Filed under Fiction, Roth, Joseph

‘The Shrimp and the Anemone’ by L. P. Hartley

Eustace and Hilda by L. P. Hartley is a single-volume edition of three novels: The Shrimp and the Anemone (pub. 1944), The Sixth Heaven (1946) and Eustace and Hilda (1947). This collection also includes and additional forty page story called Hilda’s Letter which, as far as I can ascertain, was first published in this collected edition in 1958. My copy is a Faber and Faber edition published in 1979 with a cover showing the two young actors from a BBC adaption of the whole trilogy. As far as I can tell this edition is out of print in the U.K. but there is an attractive looking U.S. edition (NYRB) available. The single volume edition of The Shrimp and the Anemone may also still be relatively easy to obtain.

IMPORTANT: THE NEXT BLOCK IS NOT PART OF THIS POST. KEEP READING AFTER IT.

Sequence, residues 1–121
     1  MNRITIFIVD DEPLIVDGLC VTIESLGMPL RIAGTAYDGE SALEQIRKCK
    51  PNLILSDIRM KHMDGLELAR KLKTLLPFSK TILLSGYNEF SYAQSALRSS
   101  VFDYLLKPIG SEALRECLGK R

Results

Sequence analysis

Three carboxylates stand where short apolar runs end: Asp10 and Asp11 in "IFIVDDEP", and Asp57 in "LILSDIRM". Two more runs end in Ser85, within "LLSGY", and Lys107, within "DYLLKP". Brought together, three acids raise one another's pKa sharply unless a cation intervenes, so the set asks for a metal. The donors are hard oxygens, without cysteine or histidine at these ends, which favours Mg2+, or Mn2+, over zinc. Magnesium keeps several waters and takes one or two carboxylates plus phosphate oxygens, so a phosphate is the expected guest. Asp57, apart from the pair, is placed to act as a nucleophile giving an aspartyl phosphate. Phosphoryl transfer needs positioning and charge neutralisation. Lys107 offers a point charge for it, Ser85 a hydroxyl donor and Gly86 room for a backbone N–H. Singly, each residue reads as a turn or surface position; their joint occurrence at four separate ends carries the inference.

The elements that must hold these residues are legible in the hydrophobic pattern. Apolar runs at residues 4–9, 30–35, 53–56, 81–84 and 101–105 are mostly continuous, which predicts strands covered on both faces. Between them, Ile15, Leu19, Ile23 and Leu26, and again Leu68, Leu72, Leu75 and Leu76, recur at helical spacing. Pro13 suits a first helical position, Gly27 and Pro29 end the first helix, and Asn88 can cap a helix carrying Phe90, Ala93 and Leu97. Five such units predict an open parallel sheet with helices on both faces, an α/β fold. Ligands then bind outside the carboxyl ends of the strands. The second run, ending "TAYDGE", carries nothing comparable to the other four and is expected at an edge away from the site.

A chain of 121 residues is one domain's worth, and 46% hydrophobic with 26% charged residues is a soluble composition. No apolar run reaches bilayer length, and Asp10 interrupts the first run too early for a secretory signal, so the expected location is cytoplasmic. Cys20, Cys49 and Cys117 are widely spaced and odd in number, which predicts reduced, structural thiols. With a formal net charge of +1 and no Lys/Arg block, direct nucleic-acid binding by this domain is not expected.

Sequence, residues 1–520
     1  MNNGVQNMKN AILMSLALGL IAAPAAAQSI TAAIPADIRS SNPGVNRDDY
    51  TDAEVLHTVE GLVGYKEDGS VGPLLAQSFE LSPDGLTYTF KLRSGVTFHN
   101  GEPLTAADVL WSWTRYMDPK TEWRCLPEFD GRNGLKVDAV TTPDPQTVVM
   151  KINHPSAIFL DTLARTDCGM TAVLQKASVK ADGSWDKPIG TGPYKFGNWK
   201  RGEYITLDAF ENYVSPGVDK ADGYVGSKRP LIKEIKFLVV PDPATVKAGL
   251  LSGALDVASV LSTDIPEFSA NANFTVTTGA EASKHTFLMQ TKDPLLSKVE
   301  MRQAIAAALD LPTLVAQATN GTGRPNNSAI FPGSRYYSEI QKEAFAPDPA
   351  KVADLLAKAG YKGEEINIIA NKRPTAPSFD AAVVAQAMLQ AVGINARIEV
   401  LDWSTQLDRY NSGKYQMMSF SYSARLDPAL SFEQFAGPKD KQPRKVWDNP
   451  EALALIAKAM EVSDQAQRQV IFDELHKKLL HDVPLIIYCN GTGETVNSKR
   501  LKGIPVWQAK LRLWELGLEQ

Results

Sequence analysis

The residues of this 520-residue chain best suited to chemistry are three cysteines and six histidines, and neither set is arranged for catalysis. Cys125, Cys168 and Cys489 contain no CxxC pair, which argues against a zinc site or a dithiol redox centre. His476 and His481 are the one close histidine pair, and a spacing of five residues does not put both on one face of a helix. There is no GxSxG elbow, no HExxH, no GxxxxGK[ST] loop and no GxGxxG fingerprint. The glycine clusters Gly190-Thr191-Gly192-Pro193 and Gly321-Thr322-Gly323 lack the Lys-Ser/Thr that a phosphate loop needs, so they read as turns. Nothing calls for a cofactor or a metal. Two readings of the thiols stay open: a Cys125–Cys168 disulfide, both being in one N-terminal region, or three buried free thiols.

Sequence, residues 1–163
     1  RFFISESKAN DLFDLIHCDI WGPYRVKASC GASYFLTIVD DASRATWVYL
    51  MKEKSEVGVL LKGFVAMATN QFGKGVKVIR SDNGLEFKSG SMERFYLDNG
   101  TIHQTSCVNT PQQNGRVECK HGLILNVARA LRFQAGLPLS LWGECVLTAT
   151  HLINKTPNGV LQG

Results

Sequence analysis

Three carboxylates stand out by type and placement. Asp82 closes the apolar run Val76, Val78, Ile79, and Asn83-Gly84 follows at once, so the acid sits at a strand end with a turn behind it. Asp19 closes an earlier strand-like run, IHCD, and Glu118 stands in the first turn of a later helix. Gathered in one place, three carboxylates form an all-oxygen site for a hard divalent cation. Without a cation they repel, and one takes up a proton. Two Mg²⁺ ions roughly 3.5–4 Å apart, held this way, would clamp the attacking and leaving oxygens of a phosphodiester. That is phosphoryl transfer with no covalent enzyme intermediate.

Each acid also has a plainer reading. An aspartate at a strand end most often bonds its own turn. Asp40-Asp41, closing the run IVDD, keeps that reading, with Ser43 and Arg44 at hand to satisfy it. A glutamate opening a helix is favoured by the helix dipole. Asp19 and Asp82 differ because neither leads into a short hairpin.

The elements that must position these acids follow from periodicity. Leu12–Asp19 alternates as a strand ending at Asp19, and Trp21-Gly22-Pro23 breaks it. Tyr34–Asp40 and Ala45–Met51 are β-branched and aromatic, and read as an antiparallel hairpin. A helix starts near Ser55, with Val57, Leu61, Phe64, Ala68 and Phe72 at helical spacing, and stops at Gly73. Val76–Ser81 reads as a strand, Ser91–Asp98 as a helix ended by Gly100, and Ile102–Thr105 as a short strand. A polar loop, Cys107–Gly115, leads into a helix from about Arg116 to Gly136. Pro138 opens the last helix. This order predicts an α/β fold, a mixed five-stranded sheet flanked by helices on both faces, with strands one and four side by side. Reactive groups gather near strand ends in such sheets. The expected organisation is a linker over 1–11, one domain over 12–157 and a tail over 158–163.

The Shrimp and the Anemone begins with Eustace and Hilda playing on a Norfolk beach; Eustace is a rather sickly (he has a weak heart) ten-year old boy, who is afraid of almost everything, whilst Hilda, his fourteen year-old sister, is completely different—she has almost taken over the role of their mother who died whilst giving birth to their younger sister, Barbara. Hilda is more sure of herself and used to being in control. She also likes bossing Eustace about and sometimes takes a sort of sadistic pleasure in watching him squirm. However there is a strong bond between the two siblings and they both love each other very much. The book begins with Eustace calling his sister over to a rockpool, in which Eustace can see a sea anemone in the process of eating a shrimp. Eustace, who is concerned for the shrimp, convinces his sister to try to save it. She manages to pull the shrimp away from the anemone but not in time to save the shrimp and also results in disembowelling the anemone, thereby saving neither. The sensitive Eustace sobs whilst Hilda is less concerned. As the novel proceeds we can see that the two children’s relationship is similar to that of the shrimp and the anemone with Eustace as the shrimp and Hilda as the anemone. Eustace often feels subservient to his sister, as if he has no will of his own. When he does exert his will he feels guilty and becomes sick. In the novel a couple of events occur which result in Eustace and Hilda being separated and both experience this separation as painful and like a death.